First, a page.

Cedarville Vineyard and Winery owners Jonathan Lachs and Susan Marks

Jonathan Lachs and Susan Marks, the husband and wife team behind Cedarville Vineyard and Winery. Jonathan is honoring Susan's memory with a special Cedarville Rosé and a donation to PanCAN. Photo credit: Lauren Lindley

Tucked into the Sierra Foothills of Northern California, in a town called Fair Play, sits Cedarville Vineyard.

Jonathan Lachs and Susan Marks bought the property in 1995 and moved to the area four years later from the Bay Area. They built Cedarville Vineyard and Winery themselves and before long, were fulfilling a long-held passion: making wine in their own winery from their own grapes.

Susan naturally gravitated toward the role of CEO, while overseeing the laboratory, label production, finance and compliance. Jonathan was responsible for the vineyard, sales and marketing. They shared the winemaking. Their skillsets complimented each other perfectly.

The couple met at a student wine tasting hosted by Jonathan when they were 21 and both were earning enology degrees (the study of wine and winemaking) at the University of California, Davis. They married three years later.

“In hindsight, to have chosen not only a partner I loved, but also a partner in life and business, Susan would always be my number-one draft pick in any situation,” Jonathan said.

“She was the kind of person you build a team around. I was blessed to have her on ‘my team’ for 38 years.”

In March 2019, Susan went to her doctor with abdominal pain. Maybe she had pulled a stomach muscle while running, she thought.

The results from an ultrasound turned their world turned upside down.

“This is a quiet cancer,” Susan’s gastroenterologist had told her. Her paternal grandmother had died of pancreatic cancer at an older age. Susan was only 58 when she was diagnosed.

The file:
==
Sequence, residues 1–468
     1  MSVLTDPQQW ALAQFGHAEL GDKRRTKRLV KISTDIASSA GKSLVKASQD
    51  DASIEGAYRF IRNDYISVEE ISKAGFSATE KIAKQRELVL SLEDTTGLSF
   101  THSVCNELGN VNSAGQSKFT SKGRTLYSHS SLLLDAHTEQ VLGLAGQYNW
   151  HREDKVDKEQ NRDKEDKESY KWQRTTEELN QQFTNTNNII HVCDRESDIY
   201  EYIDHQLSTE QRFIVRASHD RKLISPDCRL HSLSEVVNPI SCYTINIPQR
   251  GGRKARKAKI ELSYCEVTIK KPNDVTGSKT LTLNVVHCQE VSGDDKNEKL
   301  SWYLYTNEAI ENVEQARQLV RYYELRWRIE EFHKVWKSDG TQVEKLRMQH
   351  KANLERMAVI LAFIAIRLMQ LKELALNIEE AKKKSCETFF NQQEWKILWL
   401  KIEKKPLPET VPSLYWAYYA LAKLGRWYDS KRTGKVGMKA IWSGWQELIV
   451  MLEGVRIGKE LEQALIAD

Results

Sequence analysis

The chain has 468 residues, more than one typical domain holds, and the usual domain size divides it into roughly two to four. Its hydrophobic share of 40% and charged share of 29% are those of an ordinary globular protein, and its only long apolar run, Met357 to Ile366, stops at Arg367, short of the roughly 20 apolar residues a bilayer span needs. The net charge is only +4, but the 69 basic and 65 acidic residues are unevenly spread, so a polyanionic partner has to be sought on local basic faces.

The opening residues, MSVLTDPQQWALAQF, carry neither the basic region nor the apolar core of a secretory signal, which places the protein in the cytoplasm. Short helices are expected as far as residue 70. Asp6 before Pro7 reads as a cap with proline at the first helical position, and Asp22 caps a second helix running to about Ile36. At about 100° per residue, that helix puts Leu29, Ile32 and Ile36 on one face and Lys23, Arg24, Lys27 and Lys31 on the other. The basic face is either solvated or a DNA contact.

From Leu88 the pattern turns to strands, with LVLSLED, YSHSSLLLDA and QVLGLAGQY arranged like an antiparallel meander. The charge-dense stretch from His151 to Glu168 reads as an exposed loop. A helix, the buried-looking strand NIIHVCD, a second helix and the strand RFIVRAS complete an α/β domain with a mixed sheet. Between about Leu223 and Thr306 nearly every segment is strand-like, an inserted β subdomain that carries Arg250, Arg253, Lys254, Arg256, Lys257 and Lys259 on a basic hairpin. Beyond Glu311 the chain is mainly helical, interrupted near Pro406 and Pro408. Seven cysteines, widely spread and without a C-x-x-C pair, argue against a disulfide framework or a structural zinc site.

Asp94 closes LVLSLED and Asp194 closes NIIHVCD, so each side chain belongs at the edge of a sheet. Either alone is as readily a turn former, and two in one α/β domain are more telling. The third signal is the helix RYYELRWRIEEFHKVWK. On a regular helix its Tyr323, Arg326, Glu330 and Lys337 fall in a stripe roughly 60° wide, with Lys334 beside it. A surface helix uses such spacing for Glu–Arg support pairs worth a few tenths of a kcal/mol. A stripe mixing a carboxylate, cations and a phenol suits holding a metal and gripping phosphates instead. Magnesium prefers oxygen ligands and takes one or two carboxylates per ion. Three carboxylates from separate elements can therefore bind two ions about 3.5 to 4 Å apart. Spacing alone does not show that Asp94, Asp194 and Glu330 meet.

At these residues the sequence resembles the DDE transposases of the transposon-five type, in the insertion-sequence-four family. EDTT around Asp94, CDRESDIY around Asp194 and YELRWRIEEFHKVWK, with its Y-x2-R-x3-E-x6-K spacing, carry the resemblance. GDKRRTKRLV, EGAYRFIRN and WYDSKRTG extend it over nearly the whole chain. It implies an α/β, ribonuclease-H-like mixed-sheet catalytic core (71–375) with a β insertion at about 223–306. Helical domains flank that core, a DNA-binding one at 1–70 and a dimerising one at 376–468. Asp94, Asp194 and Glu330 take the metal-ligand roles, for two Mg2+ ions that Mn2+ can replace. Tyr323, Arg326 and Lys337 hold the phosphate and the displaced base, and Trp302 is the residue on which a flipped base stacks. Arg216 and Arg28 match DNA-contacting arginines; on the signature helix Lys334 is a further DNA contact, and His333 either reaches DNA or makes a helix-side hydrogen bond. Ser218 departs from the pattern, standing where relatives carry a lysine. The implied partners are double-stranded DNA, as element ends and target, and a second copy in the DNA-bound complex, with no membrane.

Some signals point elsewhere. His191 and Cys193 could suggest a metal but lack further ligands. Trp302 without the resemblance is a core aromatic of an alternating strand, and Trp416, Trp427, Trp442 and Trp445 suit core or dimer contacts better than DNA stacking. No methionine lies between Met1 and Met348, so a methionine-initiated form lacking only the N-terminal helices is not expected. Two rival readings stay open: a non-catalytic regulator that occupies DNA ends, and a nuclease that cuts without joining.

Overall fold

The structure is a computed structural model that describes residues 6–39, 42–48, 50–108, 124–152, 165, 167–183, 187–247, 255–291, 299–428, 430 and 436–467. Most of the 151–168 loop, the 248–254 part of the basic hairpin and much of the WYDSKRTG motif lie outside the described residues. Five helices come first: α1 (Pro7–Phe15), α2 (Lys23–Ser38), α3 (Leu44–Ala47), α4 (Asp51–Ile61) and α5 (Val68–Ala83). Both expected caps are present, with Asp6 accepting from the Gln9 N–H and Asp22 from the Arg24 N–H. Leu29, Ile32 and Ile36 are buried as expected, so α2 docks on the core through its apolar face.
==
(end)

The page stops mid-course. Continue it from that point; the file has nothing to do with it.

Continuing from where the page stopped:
True to her nature, she jumped into action, doing much research into oncologists, treatment options and her care. She also made a decision about her outlook, despite a devastating cancer.

“Susan decided to be sunshine,” Jonathan said.

“That’s a big decision, and not an easy one. She wanted to make the most of the time she had left, committing to FOLFIRINOX as her treatment so she could spend her non-treatment days the way she wanted to. And we did. It was a personal growth experience to live like that. It was beautiful and profound. And intimate – I never would have thought I could have gotten even closer to Susan, but I did. It was remarkable.”

Cedarville Vineyard’s Jonathan Lachs and Susan Marks after her pancreatic cancer treatment

Jonathan and Susan celebrated after her 20th round of chemo (count the fingers!).

The pair continued to work together and enjoyed their favorite activities, like hiking and running, as often as Susan felt up to it – which was pretty much always, Jonathan said.

In summer 2020, just as the grapes were beginning to flower, Susan passed away.

This June 2, to coincide with the one-year anniversary of her death, Jonathan has made a new wine – the Susan Marie Rosé.

It’s the first Rosé ever bottled by Cedarville Vineyard.